In October 2016, Tokyo Electron America -Austin campus hosted over 30 students for SEMI High Tech U. Students joined from high schools all around the area for a 3-day "high-tech career exploration program." We have sponsored and partnered with SEMI High Tech U for many years, but this was the first time we hosted the event on one of its campuses in America.
Students of SEMI High Tech U participate in fun, hands-on learning, related to math and science. Our employees were invited to instruct each different lesson in the program. On day 1 of the 3-day course, students kicked off the program learning about career pathways and education. In this exercise, students took a quick personality test to determine the type of worker they may be in a real-world scenario. Once grouped with other students who scored similarly, the teams would research college majors, jobs and career paths that were more common for people of their same personality. The students also received a presentation on how semiconductor technology relates to everyday technology and future technology, followed by a tour of the training building to see examples of our products. In that same afternoon, students simulated a microchip layering process, took medieval catapult technology to learn about quality, and later learned how to apply chemistry by turning on lightbulbs using salt water.
On day 2 of the program, students visited Texas State University-San Marcos where real university professors talked to them about the importance of continuing their education and what steps to take to make sure they stay on their own career path. The students took a tour of the campus and learned more about the process of applying for, and attending, a university and got a real-life look at what being a college student could look like. Additionally, a glass-bottom-boat tour was arranged for the students where they got a quick biology and geography lecture.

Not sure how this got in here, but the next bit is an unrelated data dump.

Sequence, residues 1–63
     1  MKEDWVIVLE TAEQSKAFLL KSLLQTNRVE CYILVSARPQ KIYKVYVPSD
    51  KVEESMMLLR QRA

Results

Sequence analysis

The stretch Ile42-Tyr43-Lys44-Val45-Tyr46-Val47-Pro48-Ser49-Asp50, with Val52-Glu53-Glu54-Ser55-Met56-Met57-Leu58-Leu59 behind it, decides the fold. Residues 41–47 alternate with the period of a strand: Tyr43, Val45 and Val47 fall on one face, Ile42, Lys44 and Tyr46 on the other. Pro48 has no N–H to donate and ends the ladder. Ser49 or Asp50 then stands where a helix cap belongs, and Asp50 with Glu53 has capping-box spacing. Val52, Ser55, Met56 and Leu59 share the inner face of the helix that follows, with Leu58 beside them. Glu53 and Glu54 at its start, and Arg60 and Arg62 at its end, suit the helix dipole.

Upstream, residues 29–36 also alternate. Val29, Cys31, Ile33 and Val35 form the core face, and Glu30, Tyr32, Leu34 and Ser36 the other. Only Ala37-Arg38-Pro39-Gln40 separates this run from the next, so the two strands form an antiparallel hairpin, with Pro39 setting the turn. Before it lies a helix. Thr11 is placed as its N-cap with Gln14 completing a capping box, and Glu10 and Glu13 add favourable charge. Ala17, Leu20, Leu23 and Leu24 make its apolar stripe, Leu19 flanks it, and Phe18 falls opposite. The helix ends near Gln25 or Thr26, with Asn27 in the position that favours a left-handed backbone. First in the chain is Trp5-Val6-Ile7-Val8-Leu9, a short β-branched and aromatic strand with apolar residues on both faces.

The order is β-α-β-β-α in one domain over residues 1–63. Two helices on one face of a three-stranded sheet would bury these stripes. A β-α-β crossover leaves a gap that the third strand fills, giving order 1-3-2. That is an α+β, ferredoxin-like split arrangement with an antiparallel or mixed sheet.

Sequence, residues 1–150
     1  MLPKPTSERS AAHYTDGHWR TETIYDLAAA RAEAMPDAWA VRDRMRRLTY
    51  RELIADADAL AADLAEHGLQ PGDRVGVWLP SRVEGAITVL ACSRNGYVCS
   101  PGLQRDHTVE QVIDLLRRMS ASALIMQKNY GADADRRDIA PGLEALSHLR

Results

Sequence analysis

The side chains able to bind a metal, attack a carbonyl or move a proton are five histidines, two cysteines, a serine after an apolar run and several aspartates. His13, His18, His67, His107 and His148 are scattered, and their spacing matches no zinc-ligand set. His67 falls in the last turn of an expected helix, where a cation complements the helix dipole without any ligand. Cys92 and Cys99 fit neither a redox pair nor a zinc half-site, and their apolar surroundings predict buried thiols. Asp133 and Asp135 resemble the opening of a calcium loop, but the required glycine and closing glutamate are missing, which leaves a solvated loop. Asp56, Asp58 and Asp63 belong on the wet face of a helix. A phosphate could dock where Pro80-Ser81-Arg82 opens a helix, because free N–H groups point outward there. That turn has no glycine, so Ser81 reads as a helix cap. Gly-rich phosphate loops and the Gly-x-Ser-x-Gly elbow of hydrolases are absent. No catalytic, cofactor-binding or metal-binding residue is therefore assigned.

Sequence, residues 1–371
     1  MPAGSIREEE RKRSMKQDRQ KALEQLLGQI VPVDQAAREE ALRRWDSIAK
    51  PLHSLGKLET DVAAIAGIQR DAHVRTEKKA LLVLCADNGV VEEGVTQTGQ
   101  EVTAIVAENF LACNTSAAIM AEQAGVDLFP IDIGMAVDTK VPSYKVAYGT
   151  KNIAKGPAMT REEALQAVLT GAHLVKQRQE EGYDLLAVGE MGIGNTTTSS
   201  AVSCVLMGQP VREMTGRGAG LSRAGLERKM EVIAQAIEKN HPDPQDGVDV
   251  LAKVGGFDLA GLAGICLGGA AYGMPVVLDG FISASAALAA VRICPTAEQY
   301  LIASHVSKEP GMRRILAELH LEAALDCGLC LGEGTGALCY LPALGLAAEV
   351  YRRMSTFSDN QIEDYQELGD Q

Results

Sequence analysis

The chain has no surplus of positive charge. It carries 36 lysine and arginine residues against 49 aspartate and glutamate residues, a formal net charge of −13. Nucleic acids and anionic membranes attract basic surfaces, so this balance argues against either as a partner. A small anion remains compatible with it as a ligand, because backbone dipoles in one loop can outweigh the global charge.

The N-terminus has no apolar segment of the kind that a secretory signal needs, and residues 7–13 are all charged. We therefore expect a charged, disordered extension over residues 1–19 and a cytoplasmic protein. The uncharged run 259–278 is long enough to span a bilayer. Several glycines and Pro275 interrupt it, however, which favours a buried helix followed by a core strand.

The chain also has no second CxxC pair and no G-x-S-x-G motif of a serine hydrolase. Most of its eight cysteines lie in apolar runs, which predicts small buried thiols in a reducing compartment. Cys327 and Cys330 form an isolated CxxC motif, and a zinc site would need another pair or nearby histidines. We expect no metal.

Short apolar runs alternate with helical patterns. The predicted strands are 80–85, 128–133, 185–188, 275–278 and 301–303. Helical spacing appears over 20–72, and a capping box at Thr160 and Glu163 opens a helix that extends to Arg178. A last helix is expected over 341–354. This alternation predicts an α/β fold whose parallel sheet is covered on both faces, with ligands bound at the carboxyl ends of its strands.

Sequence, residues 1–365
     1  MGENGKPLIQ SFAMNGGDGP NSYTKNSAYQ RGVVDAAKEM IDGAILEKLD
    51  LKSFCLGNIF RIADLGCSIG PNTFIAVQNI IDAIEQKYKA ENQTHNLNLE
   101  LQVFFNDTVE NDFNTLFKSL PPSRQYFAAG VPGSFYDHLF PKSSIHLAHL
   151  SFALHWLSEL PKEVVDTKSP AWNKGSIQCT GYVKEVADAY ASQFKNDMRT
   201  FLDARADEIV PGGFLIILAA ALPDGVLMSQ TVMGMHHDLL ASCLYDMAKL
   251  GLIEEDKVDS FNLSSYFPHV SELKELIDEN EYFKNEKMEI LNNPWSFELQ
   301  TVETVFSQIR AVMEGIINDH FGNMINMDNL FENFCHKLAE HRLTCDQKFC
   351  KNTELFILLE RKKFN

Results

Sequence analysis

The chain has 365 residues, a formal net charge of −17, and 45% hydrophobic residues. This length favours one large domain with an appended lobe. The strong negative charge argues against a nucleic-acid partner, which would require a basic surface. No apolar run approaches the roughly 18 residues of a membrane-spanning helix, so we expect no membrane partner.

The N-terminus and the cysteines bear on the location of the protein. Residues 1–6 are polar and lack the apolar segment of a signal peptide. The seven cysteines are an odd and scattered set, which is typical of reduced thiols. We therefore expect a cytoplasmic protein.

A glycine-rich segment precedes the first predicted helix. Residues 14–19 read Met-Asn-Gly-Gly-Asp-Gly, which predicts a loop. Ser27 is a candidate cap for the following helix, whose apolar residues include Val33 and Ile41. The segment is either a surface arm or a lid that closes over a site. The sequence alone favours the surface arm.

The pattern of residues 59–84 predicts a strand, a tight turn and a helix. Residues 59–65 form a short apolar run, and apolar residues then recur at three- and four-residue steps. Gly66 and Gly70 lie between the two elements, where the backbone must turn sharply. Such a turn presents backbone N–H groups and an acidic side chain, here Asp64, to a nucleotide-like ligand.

The final day was filled with collaboration and communication skills as the students were given their biggest group project of the week, having to think critically and problem solve to propose ways of using technology to improve environmental issues in third-world countries. The students were responsible for researching their given regions and use their presentation skills to explain how their groups proposed to solve the issues. Later the students were really put to the test when they conducted mock-interviews with TEL employee volunteers after learning more about interview preparation and techniques.
At the graduation ceremony two students were voted by their peers as class ambassadors and were awarded a $1,000.00 scholarship from us.